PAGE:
Have you ever read a passage and felt the breath of life, then was too speechless to describe it? That’s writing at its best. The method for creating such a moment comes from the use of emotions. Emotions are one of the single most important, touching, impressive, and non-intrusive writing tools. It is often not recognized as a concrete tool, but as a feeling, a stirring, a capturing that catches the reader up in the fictive state.
My aim is to take the mystery out of it. Break it down and make it easy for you. I want to shorten the learning curve for conquering this bestseller-kind-of writing. When you set your scene do not describe it separate from the protagonist’s thoughts, feeling, observations, analyses. If we know how the protagonist feels about the description, the situation, we’ll experience it also. Feelings make us remember a character, a story, a plot long after the last page is closed. Good emotional impact resonates because you have felt what the character felt. On the other hand, descriptions apart from your character’s feelings and observations are impersonal and cold, no matter how detailed and colorful they are. In other words, find smooth ways to integrate your character’s feelings into the description. Here are three examples:
THE MAYOR’S WIFE by Martha Tucker – Indigo is in the hospital after she finds out her husband is dead. “Life, death, acceptance, rejection, ability to feel it and inability to bear it. She turned her face to the cool white wall and her body curled into a fetal position. She pleaded with God to return her to the state of unconsciousness. Devastation only comes to those who are conscious.
Something twisted her heart like a wringer. She turned back to the doctor to face what he had to say, not sure that this moment wasn’t still a dream. When he answered, her throat hurled a howl.
The scream took her mind to a place that didn’t hurt so much as she felt the sting of a nurse’s needle.
This is the description that could have been written separately from her EMOTIONS. Just a straight description of her in the hospital room. Indigo lay in the cool white bed. Everything around her was white. She turned to the doctor and stared, waiting for him to answer. He spoke in a deep voice and told her that her husband didn’t make it. She screamed aloud.
THE END JUSTIFIES THE MEANS by T.H. Moore. In reaction to a ruckus his mother and father are having: Jalen balled his body in his arms and tightened his blanket, hoping she would just stop talking. What is she doing? Jalen sprang up and glared at the closed door – A blood-curdling scream jerked him out of bed like he’d been stung by a bee. His feet barely touched the carpet as he tore down the stairs. He froze at the sight.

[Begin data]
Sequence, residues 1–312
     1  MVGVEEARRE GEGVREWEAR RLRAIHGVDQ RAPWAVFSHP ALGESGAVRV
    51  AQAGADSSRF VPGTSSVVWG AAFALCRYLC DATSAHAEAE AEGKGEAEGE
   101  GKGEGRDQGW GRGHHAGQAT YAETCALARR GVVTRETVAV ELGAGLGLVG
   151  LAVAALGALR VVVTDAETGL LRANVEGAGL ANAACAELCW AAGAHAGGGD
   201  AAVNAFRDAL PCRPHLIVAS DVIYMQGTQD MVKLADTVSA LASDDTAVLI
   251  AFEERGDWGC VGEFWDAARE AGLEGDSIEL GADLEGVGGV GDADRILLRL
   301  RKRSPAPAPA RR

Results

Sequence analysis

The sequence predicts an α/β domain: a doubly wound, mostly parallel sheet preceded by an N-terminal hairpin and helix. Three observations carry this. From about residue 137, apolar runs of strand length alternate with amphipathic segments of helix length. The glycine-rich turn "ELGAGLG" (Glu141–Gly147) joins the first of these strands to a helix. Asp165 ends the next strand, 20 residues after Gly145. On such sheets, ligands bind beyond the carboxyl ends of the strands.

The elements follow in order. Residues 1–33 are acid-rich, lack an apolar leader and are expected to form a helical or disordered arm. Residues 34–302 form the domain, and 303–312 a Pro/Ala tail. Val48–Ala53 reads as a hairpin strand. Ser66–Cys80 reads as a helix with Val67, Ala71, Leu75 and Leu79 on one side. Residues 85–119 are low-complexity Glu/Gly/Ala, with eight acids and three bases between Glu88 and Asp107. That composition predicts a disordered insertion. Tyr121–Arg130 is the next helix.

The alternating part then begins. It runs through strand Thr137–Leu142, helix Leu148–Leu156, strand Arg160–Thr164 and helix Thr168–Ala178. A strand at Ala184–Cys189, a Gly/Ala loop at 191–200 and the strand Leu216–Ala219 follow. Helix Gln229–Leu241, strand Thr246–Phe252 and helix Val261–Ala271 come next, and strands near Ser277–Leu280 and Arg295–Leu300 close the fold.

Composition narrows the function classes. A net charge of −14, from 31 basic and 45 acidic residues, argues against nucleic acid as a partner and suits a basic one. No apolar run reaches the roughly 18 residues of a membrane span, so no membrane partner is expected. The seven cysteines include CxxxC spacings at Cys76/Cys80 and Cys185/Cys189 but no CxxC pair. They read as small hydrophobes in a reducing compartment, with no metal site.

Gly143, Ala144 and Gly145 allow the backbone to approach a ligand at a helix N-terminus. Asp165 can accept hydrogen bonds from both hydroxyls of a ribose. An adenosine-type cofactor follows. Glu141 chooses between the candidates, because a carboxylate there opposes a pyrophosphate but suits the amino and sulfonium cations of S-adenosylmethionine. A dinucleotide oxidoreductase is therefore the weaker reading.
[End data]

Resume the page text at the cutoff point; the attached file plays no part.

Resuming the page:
Moore could have just described the darkroom, the warm blanket, and the yelling voice that stole in under the door.
THE GREAT GATSBY by F. Scott Fitzgerald. Here is how the master did it, and it has lasted well over 50 years-“Now it was a cool night, with that mysterious excitement in it which comes at the two changes of the year. The quiet lights in the houses were humming out into the darkness and there was a stir and bustle among the stars. Out of the corner of his eye, Gatsby saw that the blocks of the sidewalk really formed a ladder and mounted to a secret place above the trees-he could climb to it, if he climbed it alone, and once there, he could suck the pap of life, gulp down the incomparable milk of wonder.
His heart beat faster and faster as Daisy’s white face came up to his own. He knew that when he kissed this girl and forever wed his unutterable vision to her perishable breath, his mind would never romp again like the mind of God. So he waited, listening for a moment longer to the tuning fork that had been struck upon a star. Then he kissed her. At his lips’ touch, she blossomed for him like a flower and the incarnation was complete.”
Scott Fitzgerald interpreted his setting, the feelings of his young manhood, of the night, the life of it, the forever endearing kiss.
Now, it’s your turn to describe your favorite scene and lace it with emotions. If you’re going to be a bestseller-kind-of author, then you need to practice writing with emotions.
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Martha “Marti” Tucker